The alarm system 102 is further augmented with means for storing the image data captured by the cameras, such as an image recording system 122 and means to transmit the image data 102 a to a remote monitoring station, which is preferably a built-in function of the alarm system 102. It is preferred that the image recording system 122 is preferably a computer or other processor having a storage device such as a hard drive and an image capture card. However, those skilled in the art will recognize that the image recording system 122 can be of any type known in the art without departing from the scope and spirit of the present invention.
Furthermore, a compression means 124 can also be provided to compress the video image data prior to transmission to the remote monitoring station 112. Such compression and transmission means are well known in the art and a detailed description thereof is omitted for the sake of brevity. Compression means 124 can include encoders which compress data according to a standard compression algorithm, such as JPEG (for image data) and MPEG (for video data). Transmission means 102 a can include any device such as a modem which transmits data via a data link 126 such as a telephone, ISDN, or coaxial cable line. Upon receipt of the image data, the staff of the remote monitoring station 112 can literally “see” what caused the alarm and can even perform a comparison of an individual who caused the alarm with the individuals authorized to be in the structure 104, as is described in co-pending U.S. patent application Ser. No. 09/908,195 (Docket No. 701609, 13933) which is incorporated herein by its reference.
However, given the limitations on transmission bandwidth, particularly from a residence which typically uses a telephone (POTS) connection, it is practical to only send a few video frames from the video image data to the remote monitoring station 112. The system 100 of the present invention selects a portion of the image data captured by the camera(s) 114, 116 that is more representative of the cause of the alarm being triggered, thereby filtering out image data that is not or may not be conclusive as to the determination at hand, namely, if the alarm is a true or false alarm. Since, the remote monitoring station 112 uses the transmitted image data to make its decision, the selection of what images to transmit is crucial. The transmitted image data should be such as to allow a monitoring operator to quickly decide if the alarm is a true alarm or a false alarm. In the case of video image data, the portion thereof to transmit to the remote monitoring site is one or more video frames from the video image data.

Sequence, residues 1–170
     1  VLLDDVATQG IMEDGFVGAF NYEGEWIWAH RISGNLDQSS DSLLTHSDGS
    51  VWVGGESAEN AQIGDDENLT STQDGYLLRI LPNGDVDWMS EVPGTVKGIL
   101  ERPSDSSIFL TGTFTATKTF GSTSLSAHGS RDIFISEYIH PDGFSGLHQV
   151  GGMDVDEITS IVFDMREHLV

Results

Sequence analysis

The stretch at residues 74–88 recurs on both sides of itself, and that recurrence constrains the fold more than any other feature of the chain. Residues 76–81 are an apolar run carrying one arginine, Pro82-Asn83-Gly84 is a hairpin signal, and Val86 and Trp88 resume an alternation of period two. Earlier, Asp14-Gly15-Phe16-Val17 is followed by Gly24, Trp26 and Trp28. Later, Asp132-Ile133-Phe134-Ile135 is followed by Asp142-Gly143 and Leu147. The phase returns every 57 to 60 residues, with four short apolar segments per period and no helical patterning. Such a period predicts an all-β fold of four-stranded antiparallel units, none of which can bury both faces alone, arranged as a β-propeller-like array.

To make the selection of what video frame(s) to transmit, the system 100 of the present invention first digitizes the video image data (if not already digitized) in an analog to digital (A/D) converter 128 and feeds the digitized video image data to a processor 130, which can be or include a computer vision system 132. The processor 130 analyzes the digitized video image data and decides what portion (i.e., video frames) to transmit based on a set of predetermined criteria. Of course, the set of predetermined criteria can comprise of a single criteria. If the alarm system 102 has several monitoring zones, with one or more cameras per zone, the criterion to be used can simply be to compress and transmit the image data from the zone that triggered the alarm. Similarly, if a video motion detection scheme is used, then only the video image data from cameras that trigger a motion detection alarm is compressed and transmitted to the remote monitoring station 112.
A more sophisticated set of criteria can include using an established background subtraction technique to eliminate parts of the video frames from previous video frames that represent a background scene leaving a set of regions which has changed from the background scene. There are many approaches known in the art to do this, such as that disclosed in A. Elgammal et al., Non-Parametric Model for Background Subtraction, presented at Int. Conf. Computer Vision & Pattern Recognition, Workshop on Motion, Fort Collins Colo, June 1999.
Background subtraction provides as output a set of regions of the video frame that contain potential intruder images. Some simple approaches can be taken to rank whether a specific video frame from a video camera contains an intruder image of sufficient quality/content to send to the central monitoring station 112. For example, the more centered (in the video frame) the regions detected by background subtraction, the better framed the image shows the intruder, and the better the video frame rates for sending to a monitoring station. Other criteria for rating a video frame in addition to centeredness include, whether one large region versus a set of smaller regions is reported, whether the region shows good contrast, or whether the region is large versus small.